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Jul 6, 2022

Toxic Slime Contributed to Earth’s Worst Mass Extinction—And It’s Making a Comeback

Posted by in categories: biotech/medical, existential risks

Global warming fueled rampant overgrowth of microbes at the end of the Permian period. Such lethal blooms may be on the rise again.

View insights.

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Jul 6, 2022

Scientists baffled by magnetic material that freezes when heated up

Posted by in categories: materials, particle physics

Physicists have discovered that certain magnetic material freezes when the temperature rises to a certain point. We’ve typically only seen this behavior when we cool down magnetic materials, not when we heat them up. As such, it has left physicists scratching their heads and baffled by the development.

Physicists Alexander Khajetoorians of Radboud University in the Netherlands says that the freezing of the magnetic materials is the opposite of what we normally see. The result is “counterintuitive, like water that becomes an ice cube when it’s heated up,” according to Khajetoorians.

Normally, ferromagnetic materials like iron feature aligned spins. This means that the magnetic spins of the atoms are all spinning in the same direction. Essentially, the south and north magnetic poles are all aligned in the same direction. Some alloys made of both iron and copper, though, feature randomized spins. Physicists refer to this state as spin glass.

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Jul 6, 2022

Physicists see electron whirlpools for the first time

Posted by in categories: materials, particle physics

Though they are discrete particles, water molecules flow collectively as liquids, producing streams, waves, whirlpools, and other classic fluid phenomena.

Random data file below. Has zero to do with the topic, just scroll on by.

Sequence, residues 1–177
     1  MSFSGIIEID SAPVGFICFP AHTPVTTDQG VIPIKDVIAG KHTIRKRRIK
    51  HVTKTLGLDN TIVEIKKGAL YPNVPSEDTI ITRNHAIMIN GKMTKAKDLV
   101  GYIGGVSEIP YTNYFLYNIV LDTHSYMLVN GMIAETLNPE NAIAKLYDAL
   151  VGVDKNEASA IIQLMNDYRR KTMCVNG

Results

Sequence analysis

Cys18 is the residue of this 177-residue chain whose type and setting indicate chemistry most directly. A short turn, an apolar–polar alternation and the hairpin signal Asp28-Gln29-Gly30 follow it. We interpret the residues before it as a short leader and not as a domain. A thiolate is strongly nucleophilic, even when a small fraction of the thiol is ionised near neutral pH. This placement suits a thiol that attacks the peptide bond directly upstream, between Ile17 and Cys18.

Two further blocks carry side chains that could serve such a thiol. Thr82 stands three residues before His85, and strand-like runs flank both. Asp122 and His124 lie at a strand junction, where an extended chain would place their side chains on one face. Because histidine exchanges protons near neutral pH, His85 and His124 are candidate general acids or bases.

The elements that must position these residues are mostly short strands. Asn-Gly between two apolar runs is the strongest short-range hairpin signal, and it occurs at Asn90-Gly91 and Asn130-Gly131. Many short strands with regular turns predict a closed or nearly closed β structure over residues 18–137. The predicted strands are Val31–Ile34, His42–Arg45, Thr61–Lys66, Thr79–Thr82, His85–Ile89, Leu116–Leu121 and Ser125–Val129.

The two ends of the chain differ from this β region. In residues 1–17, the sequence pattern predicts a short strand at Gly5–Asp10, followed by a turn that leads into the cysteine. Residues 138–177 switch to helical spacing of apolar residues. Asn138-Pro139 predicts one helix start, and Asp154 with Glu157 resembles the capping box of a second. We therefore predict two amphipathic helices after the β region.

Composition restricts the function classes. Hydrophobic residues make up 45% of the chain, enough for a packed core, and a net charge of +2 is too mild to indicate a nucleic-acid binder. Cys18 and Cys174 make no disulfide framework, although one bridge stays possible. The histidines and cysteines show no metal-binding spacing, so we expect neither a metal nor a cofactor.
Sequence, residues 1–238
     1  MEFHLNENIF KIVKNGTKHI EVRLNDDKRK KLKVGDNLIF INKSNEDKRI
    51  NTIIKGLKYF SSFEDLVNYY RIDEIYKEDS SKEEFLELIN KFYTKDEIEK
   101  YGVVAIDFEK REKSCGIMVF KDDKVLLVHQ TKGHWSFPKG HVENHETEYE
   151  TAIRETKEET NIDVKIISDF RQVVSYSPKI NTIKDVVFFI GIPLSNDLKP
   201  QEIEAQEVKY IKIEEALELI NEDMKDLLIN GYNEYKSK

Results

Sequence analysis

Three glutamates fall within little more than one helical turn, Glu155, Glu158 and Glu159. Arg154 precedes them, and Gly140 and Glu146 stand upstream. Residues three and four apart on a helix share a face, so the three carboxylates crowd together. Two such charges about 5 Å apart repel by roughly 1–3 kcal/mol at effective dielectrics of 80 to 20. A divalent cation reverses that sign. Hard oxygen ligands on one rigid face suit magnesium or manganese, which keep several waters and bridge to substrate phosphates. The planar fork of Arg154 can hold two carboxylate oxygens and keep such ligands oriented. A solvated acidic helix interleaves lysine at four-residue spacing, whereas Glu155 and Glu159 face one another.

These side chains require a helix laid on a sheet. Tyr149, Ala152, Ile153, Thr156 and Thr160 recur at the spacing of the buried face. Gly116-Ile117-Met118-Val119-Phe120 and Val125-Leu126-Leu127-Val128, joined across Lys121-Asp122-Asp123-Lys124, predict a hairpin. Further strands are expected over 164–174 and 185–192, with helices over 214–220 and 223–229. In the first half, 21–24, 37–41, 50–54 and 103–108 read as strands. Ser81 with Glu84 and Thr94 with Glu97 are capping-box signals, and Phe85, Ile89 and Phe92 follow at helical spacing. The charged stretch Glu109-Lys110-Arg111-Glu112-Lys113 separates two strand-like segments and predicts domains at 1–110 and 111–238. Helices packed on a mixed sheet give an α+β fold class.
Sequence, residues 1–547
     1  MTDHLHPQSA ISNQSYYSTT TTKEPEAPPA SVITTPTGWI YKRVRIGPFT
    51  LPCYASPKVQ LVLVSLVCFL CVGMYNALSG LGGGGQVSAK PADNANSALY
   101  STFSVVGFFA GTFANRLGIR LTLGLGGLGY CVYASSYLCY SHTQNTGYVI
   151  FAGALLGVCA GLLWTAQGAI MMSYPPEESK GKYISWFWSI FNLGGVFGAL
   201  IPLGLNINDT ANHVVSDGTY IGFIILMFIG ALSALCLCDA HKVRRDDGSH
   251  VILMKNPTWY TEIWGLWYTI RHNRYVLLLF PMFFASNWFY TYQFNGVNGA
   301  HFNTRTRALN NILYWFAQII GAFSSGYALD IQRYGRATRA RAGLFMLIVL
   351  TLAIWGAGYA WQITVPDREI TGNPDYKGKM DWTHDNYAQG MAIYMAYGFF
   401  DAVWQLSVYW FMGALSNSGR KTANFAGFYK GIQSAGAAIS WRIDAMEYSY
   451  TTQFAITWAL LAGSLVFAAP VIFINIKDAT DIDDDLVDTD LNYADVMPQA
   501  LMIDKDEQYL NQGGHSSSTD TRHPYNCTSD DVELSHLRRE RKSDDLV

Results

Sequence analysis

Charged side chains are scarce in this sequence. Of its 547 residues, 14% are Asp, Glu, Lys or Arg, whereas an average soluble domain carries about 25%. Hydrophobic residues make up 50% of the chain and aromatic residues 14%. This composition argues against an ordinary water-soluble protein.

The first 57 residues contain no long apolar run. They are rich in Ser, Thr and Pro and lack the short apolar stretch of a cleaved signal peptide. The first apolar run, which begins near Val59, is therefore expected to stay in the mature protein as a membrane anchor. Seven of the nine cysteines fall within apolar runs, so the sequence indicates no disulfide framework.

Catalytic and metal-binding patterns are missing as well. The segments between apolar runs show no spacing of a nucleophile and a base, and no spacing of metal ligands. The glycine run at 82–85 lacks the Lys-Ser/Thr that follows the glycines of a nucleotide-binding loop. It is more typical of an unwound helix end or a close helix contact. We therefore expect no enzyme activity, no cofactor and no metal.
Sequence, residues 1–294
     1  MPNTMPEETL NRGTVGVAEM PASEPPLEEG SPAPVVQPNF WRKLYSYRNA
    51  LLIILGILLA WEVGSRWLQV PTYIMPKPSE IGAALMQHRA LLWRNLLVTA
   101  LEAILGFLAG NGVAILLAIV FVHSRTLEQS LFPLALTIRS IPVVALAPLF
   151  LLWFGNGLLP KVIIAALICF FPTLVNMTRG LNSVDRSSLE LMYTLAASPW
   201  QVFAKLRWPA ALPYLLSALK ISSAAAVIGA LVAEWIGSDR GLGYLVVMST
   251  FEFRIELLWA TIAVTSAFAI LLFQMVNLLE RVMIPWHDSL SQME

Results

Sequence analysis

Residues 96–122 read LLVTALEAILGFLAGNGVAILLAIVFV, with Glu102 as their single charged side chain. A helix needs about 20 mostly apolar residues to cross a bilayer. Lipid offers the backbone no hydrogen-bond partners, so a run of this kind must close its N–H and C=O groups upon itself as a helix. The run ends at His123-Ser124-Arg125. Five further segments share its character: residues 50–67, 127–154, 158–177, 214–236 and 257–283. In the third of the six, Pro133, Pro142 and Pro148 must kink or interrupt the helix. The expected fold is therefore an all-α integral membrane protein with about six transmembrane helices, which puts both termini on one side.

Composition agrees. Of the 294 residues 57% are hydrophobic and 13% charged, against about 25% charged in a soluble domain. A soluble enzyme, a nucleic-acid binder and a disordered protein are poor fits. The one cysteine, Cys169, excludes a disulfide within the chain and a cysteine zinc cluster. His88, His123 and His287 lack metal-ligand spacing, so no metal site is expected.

Not so with electricity. While an electric current is also a construct of distinct particles—in this case, —the particles are so small that any among them is drowned out by larger influences as electrons pass through ordinary metals. But, in certain materials and under specific conditions, such effects fade away, and electrons can directly influence each other. In these instances, electrons can flow collectively like a fluid.

Now, physicists at MIT and the Weizmann Institute of Science have observed electrons flowing in vortices, or whirlpools—a hallmark of fluid flow that theorists predicted electrons should exhibit, but that has never been seen until now.

Jul 6, 2022

Introducing the Comparative Genome Viewer (CGV) beta release

Posted by in categories: biotech/medical, evolution

NLM’s NCBI is introducing the Comparative Genome Viewer (CGV), an easy-to-use visualization tool that helps you quickly compare eukaryotic genome assemblies and easily identify genomic changes that may be significant to biology and evolution. With the new CGV you can view and compare the alignment between two assemblies to see differences in genomic sequence and structure, including deletions, inversions, and translocations. Currently, you can compare assemblies from over 50 annotated animal and plant genomes.